- Francisco J. Calderón *a,
- Louise E. Jacksonb,
- Kate M. Scowc and
- Dennis E. Rolstonc
- a Edificio Julio Garcia Diaz 102, Departamento de Biologia, Universidad de Puerto Rico, PO Box 23360, San Juan, PR 00931-3360
b Dep. of Vegetable Crops, Univ. of California, One Shields Avenue, Davis, CA 95616
c Dep. of Land, Air and Water Resources, Univ. of California, One Shields Avenue, Davis, CA 95616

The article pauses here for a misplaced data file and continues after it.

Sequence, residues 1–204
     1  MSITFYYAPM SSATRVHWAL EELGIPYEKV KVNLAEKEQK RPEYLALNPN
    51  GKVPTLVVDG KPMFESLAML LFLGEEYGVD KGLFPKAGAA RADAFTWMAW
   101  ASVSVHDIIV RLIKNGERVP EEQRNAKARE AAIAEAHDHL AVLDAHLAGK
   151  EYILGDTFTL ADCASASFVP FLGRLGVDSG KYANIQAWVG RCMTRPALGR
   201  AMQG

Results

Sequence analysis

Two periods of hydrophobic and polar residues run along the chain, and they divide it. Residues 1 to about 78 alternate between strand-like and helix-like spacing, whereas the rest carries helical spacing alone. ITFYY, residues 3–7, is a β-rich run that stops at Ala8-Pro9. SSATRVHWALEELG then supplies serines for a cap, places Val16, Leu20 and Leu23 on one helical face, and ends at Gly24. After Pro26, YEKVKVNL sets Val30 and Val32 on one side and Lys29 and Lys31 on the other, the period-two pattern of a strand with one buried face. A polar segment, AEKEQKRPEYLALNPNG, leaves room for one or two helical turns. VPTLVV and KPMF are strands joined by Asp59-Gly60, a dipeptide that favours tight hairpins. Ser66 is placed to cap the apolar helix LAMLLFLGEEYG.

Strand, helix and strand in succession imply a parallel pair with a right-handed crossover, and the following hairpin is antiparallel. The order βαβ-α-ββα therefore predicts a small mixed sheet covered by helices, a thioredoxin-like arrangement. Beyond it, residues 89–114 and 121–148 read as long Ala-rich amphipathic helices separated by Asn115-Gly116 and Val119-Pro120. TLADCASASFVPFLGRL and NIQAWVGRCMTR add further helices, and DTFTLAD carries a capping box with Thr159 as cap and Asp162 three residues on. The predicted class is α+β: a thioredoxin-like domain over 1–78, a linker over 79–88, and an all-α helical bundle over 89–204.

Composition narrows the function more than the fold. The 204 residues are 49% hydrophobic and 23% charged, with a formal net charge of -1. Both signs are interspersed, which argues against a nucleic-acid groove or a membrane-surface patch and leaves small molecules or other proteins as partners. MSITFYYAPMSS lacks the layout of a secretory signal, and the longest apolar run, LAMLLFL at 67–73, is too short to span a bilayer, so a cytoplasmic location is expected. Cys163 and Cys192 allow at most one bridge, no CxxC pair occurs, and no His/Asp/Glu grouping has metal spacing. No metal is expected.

Little is known about the short-term effects (hours to days) of tillage on labile pools of C and N, or microbial activity and community composition. We examined the effects of rototillage on microbial biomass C (MBC) and N (MBN), respiration (i.e., soil CO2 production in 1-h incubations), CO2 efflux from the soil surface, inorganic N, nitrification potential, denitrification rate, and phospholipid fatty acids (PLFA). A fallow silt loam soil was rototilled in the field and soil cores were immediately obtained from tilled and adjacent control soils. The soil cores were then incubated at constant temperature and sampled throughout a 2-wk period. Tilled soil had higher CO2 efflux than the control soil. This increase occurred immediately after tillage and lasted for 4 d. Respiration was similar in both soils until the fourth day after tillage, and then declined in the tilled soil. Tilled soil showed increases in MBN, nitrate, and denitrification rates, suggesting that tillage makes available previously protected organic N. The overall reduction in respiration together with the lack of response in MBC, however, suggests that tillage did not make available significant amounts of readily decomposable C. These combined C and N dynamics suggest that low C/N ratio compounds may have been mineralized following tillage. Denitrification rates increased in the tilled soil even though the bulk of the soil had reduced respiration and bulk density. Tillage caused temporary changes in PLFA profiles, suggesting changes in soil microbial community structure. Phospholipid fatty acid 18:1 ω7t, which marks the presence of eubacteria, decreased in the tilled soil. In contrast, 19:0 cy, a marker for anaerobic eubacteria, increased in the tilled soil. Our results show that tillage causes short-term changes in nutrient dynamics that may potentially result in N losses through denitrification and nitrate leaching, as well as C losses through degassing of dissolved CO2 These changes are accompanied by concomitant shifts in microbial community structure, suggesting a possible relationship between microbial composition and ecosystem function.Please view the pdf by using the Full Text (PDF) link under 'View' to the left.
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